By Madoka Kumamaru, IVI Summer Intern and Graduate Student at the Columbia School of Public Health
Five years ago, when I was a teenager with a chronic health condition returning to the United States for university, I encountered several challenges while navigating the healthcare system. Although some of my peers had coverage until age 26 through their family’s insurance plan or utilized limited student insurance designed to support international students or those without family insurance, I required more comprehensive coverage and had few options. Due to my lack of financial income and health condition, I explored the Medicaid insurance marketplace to find a plan that matched my requirements.
Even as someone committed to improving the U.S. healthcare system, I needed support understanding the forms, requirements, and jargon. Complex to understand and even more challenging to navigate, the U.S. health insurance system presents barriers that limit healthcare accessibility. With 51% of Americans reporting inadequate health insurance literacy, measured by knowledge of basic insurance terms and the use of health insurance, the financial and emotional burden of seeking and obtaining health insurance is exacerbated (Edward et al). According to a JAMA study, 29.6% of study participants reported having delayed or foregone care due to cost in the 12 months of the study (Tipirneni et al). Additional barriers, like language, transportation, and time spent on the insurance marketplace, can worsen costs and health outcomes.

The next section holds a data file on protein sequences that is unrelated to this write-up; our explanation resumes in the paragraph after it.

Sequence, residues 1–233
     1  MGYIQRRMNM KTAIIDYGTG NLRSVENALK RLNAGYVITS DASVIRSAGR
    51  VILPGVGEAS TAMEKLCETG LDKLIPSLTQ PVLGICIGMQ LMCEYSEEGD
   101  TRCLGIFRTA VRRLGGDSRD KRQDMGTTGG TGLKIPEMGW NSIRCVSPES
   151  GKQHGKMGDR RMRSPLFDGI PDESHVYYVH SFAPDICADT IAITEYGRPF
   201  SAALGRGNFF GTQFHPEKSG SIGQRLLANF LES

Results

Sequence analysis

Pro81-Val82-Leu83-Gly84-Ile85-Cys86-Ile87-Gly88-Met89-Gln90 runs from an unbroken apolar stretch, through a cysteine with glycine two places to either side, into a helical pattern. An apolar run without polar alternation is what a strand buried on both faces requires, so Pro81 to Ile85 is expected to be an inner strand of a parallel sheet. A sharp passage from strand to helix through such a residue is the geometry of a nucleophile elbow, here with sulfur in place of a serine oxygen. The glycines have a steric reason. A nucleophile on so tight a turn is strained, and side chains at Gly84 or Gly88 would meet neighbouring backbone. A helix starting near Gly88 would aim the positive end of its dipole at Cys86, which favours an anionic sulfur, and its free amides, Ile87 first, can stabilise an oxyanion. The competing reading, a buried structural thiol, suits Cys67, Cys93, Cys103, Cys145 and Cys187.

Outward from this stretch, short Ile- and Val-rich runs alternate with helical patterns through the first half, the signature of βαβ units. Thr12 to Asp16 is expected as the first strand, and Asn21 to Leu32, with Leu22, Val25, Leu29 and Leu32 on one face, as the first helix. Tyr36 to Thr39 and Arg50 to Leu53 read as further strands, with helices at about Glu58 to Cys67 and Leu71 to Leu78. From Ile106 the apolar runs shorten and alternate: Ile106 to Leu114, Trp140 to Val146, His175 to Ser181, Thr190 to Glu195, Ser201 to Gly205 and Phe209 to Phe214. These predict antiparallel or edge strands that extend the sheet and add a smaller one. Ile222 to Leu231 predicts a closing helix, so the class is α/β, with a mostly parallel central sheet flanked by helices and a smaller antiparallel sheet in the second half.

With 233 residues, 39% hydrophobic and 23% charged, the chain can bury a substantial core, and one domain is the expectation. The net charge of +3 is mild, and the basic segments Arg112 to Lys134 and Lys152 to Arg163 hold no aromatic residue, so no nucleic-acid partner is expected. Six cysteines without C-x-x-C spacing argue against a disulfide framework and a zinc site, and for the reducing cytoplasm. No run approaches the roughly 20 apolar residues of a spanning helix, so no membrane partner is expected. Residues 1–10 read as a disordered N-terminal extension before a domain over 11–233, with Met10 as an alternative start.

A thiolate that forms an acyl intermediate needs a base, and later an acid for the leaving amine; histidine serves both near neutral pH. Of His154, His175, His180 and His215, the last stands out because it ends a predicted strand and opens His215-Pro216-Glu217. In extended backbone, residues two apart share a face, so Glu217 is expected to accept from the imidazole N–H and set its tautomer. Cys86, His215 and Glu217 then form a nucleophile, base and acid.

In the recent Economic Impacts report, the Innovation and Value Initiative and AcademyHealth investigated similar, and often invisible, healthcare costs. The Economic Impacts Framework outlines a social impacts domain, which includes “economic impacts that may have less obvious measures, but have downstream impacts like time spent negotiating with insurance companies, compounding financial impacts (such as ability or inability to obtain insurance), or access to social services,” as well as an ability to work, which includes “adequacy or inadequacy of health insurance coverage.”
While navigating the healthcare system, numerous questions arise. For instance, how can I obtain health insurance? What is a health insurance marketplace? Which insurance plan would be best for my healthcare needs? Once I have insurance, how can I schedule an appointment with “in-network” healthcare providers? What are deductibles, premiums, copayments, and out-of-pocket costs? Without clear answers to these questions or support to navigate the system, the costs to the patient add up.
My interactions with the healthcare insurance system continue to evolve – I relocated to a different state. Still, there are barriers at every turn that complicate the system, and without anyone to answer my questions, I am left to figure out the intricacies on my own. Based on my experience, I firmly believe that improving literacy is crucial for overcoming various challenges such as time constraints, lack of internet access, or language barriers.
The Innovation and Value Initiative (IVI) is a 501(c)(3) tax-exempt, non-profit research organization dedicated to advancing the science and improving the practice of health technology assessment through development of novel methods and the creation and application of enhanced health technology assessment models to support local decision-making needs in healthcare.
Contact: Smita Sanwardeker
E-Mail: [email protected]